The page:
Like I said man, tiresome conversations, haha. We all just kind of chatted about it and it wasn’t that tough, we are proud of all the songs and it is a kind of a trend now to trickle them out, we are excited for people to hear the whole album and we still put together the record as a presentation of one piece, and we try and think of it as a conducive, flowing project from beginning to end. I’m excited about people being able to sit down and listen to the whole record, if people still do that, haha, I think our fans do, but I certainly do.
When you played to 10,000 people at Red Rocks, how did you maintain your acoustic sound?
We are loud, haha. We are very much a rock’n’roll band, and while we play bluegrass instruments and if you just look at us holding our instruments you may think it is acoustic and quiet, but we have a full spectrum rock’n’roll light show, we use a lot of psychedelic effects and we play long jam songs with long solos and transitions, yeah, it is rock’n’roll.
It may be rock’n’roll but you don’t have a drummer, why?
We don’t have a drummer, haha. One of the really cool things about bluegrass we love is the shared responsibility for the rhythm and the melody. In a traditional band, all the band members do all the parts too in different ways, but with bluegrass, it is like the bass is the downbeat and the mandolin is the backbeat, and the banjo does a roll and it is just a shared responsibility. The way we take turns playing the melody too, the banjo plays the melody, the mandolin plays the melody, the dobro plays the melody, and the guitar plays the melody, we all just love that aspect of it. The way our rhythmic pulse breathes and sort of ebbs and flows a little faster or a little slower, and the way that that is a shared responsibility is just so different to when you play in a band with drums, and the drummer has to hold a lot of that responsibility alone. It is like playing all the sub-divisions of the beat by himself, we love it, and I love bluegrass bands with drums like Leftover Salmon who are friends of ours, the Sam Bush Band, but as a mandolin player I feel like I would be bored if we had a drummer, I just love my job as the drummer, haha.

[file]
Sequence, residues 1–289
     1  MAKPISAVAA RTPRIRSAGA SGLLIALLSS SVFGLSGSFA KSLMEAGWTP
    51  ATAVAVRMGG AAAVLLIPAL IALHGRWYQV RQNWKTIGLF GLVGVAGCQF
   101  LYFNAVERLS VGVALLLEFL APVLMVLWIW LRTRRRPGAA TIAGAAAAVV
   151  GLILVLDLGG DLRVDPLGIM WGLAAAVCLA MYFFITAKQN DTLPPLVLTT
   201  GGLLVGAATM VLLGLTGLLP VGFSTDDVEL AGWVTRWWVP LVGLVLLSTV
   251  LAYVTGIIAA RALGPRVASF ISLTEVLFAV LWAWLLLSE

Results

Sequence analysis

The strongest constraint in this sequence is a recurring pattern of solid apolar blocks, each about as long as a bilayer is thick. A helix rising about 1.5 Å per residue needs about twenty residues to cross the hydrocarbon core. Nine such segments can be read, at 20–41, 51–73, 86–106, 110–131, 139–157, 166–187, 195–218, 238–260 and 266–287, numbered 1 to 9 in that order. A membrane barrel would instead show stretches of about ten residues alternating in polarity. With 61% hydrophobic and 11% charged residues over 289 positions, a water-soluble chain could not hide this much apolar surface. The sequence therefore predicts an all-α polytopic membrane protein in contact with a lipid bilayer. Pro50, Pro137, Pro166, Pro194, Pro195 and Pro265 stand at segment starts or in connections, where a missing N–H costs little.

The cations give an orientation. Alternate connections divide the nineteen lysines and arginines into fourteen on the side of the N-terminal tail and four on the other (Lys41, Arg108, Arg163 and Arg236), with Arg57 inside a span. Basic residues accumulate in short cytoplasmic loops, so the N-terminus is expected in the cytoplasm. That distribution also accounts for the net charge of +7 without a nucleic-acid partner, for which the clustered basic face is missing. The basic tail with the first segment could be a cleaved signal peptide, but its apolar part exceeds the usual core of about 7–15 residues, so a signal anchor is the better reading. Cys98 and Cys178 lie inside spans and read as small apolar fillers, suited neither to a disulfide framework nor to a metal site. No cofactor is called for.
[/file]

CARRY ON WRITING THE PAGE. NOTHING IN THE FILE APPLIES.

What drew you personally to the mandolin, was it the chop, what was it?
The chop and the accompaniment of the rhythm are what I love about the mandolin now, and I’ve grown into and I love my role, but originally I was a guitar player and I went to see David Grisman and I didn’t really know what the mandolin was. I was like this is really cool, and then I looked up Sam Bush and I was he is really cool as well, and it was just like I think I will get one of those. I then met the guys in my band a month later and started playing with them and never stopped, it was a kind of a whim decision that I would get a mandolin and it changed the course of my entire life. It called to me, and it worked for me too because I became better at it than the guitar pretty quickly, and it just made sense to me. I’m still rehearsing and practising, trying to get better don’t get me wrong though, haha.
Bluegrass can be very traditional musically with a politically conservative audience. Do you see any potential conflict between the current political split in American society and the different wings of bluegrass fans?
It is an age-old conversation, and we are certainly the red-headed stepchild of that, we are not embraced by the traditional bluegrass community, and never really have been, it is kind of not what we do. But also I think a lot of people spend time talking about it, and I don’t witness fallout from our choices. I guess a lot of the traditional bluegrass acoustic people just don’t like our band and don’t come out, we haven’t received awards from a lot of those organisations in recognition of what we have achieved. When we play a show I don’t feel people are mad at us or we are doing it wrong, so I guess those people just aren’t coming. We really honour and respect the tradition of bluegrass and we love playing it straight ahead, we really do, and in every show, we play several songs that are very straight ahead. We are also influenced by a lot of other stuff like jazz, and rock’n’roll, and we play that because it is who we are. If you are going to make and present music, be who you are, that is our motto, that is what I think.
David Grisman brought a lot of jazz into bluegrass all those years ago.
Yeah, and a love that latin gypsy vibe that Grisman does.
How many times have you seen Grisman live?